- Audio Podcast
- Discussion Time
- Reading: Theory X and Theory Y
- Reading: ‘Satisfiers’ and ‘Motivators’
- Listening Practice
- Case Study
Learn about Theory X and Theory Y, Maslow’s Hierarchy of Needs and Herzberg’s Hygiene Factors in Chapter 2 Work and Motivation from Business Course by English Plus Podcast.
As well as setting and communicating objectives, developing strategies and allocating resources, manager have to motivate the staff who report to them. These will often include people with interesting, responsible and fulfilling jobs, as well as others with less interesting and highly repetitive tasks.
In this chapter, we will talk about different factors that might motivate workers in both types of job, and about whether it can be argued that people in general like or dislike working.
There will be reading, discussion questions, writing assignments and activities in which we will discuss and understand better some of the most important theories in this topic. We will talk about Douglas McGregor’s Theory X and Theory Y, Maslow’s Hierarchy of Needs and Herzberg’s Hygiene Factors and Motivators.
Attitudes to Work
Which of the following statements do you agree with and why?
Reading: Theory X and Theory Y
In The Human side of Enterprise, Douglas McGregor outlined two opposing theories of work and motivation. What he calls Theory X is the rather pessimistic approach to workers and working which assumes that people are lazy and will avoid work and responsibility if they can. Consequently, workers have to be closely supervised and controlled, and told what to do. They have to be both threatened, for example with losing their job, and rewarded with incentives, probably monetary ones such as a pay rise or bonuses. Theory X assumes that most people are incapable of taking responsibility for themselves and have to be looked after. It has traditionally been applied, for example, by managers of factory workers in large-scale manufacturing.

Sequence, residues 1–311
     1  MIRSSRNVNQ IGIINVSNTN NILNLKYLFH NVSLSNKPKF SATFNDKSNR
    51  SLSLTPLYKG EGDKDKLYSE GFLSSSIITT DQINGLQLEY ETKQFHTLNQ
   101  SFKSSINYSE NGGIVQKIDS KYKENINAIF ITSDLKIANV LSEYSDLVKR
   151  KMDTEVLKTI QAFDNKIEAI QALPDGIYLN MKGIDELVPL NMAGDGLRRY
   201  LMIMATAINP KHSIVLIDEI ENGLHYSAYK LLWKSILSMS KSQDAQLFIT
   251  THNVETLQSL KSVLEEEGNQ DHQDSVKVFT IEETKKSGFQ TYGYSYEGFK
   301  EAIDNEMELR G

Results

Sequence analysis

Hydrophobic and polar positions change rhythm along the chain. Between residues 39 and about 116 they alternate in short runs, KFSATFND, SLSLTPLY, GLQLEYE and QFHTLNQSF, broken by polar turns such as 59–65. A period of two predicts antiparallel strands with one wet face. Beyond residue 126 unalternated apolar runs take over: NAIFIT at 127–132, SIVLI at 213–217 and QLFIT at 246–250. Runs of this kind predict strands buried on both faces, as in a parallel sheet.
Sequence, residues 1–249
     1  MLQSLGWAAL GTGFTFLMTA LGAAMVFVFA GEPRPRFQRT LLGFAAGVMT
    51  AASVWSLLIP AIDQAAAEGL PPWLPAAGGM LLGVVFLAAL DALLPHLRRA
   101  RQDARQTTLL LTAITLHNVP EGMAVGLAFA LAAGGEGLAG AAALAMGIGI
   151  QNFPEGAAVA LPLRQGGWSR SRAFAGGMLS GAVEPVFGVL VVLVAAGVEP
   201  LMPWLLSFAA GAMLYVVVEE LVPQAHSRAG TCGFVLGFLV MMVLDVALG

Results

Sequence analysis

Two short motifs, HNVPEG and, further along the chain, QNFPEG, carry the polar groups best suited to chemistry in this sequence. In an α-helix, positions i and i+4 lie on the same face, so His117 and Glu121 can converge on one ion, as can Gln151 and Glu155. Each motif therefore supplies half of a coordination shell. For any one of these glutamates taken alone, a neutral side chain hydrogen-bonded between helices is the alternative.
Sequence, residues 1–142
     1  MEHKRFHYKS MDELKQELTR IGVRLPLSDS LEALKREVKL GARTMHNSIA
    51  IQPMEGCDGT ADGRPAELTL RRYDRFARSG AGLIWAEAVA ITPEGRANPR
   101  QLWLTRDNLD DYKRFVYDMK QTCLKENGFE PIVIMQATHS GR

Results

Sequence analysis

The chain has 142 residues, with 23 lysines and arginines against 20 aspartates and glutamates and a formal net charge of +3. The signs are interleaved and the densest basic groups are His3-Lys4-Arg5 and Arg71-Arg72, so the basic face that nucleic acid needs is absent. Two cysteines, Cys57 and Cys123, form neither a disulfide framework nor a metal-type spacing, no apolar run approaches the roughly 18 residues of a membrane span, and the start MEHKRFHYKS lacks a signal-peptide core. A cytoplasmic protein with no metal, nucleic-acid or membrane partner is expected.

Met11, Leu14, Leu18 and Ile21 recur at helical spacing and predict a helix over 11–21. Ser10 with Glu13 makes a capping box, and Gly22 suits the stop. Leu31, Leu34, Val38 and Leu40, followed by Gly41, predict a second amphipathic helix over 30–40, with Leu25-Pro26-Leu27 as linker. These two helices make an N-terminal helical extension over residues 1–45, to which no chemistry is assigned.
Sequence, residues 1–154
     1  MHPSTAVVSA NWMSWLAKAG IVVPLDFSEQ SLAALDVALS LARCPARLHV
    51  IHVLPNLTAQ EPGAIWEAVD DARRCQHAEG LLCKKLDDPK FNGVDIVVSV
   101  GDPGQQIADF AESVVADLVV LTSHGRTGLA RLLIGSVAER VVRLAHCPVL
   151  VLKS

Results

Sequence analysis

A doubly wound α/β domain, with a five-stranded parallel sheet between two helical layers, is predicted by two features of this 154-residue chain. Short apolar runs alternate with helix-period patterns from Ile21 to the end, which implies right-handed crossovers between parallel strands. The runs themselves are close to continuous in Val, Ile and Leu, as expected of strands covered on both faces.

Theory Y, on the contrary, assumes that most people have a psychological need for work, and given the right conditions — job security, financial rewards — they will be creative, ambitious and self-motivated by the satisfaction of doing a good job. Theory Y is probably more applicable to skilled professionals and what Peter Drucker called ‘knowledge workers’ — managers, specialists, engineers programmers, scientists — than people in unskilled jobs.
McGregor’s two theories are based on Abraham Maslow’s famous ‘hierarchy of needs’. Theory X relates to the basic, ‘lower order’ needs at the bottom of the hierarchy, such as financial security, while Theory Y relates to ‘higher order’ needs such as esteem (achievement, status and responsibility) and self-actualization (personal growth and fulfillment) that can be pursued if basic needs are satisfied.
McGregor is widely considered to have laid the foundations for the modern people-centered view of management. However, Maslow spent a year studying a Californian company that used Theory Y, and concluded that there are many people who are not looking for responsibility and achievement at work. There will always be people with little self-discipline, who need security and certainty and protection against the burden of responsibility, so it is impossible to simply replace the ‘authoritarian’ Theory X with the ‘progressive’ Theory Y.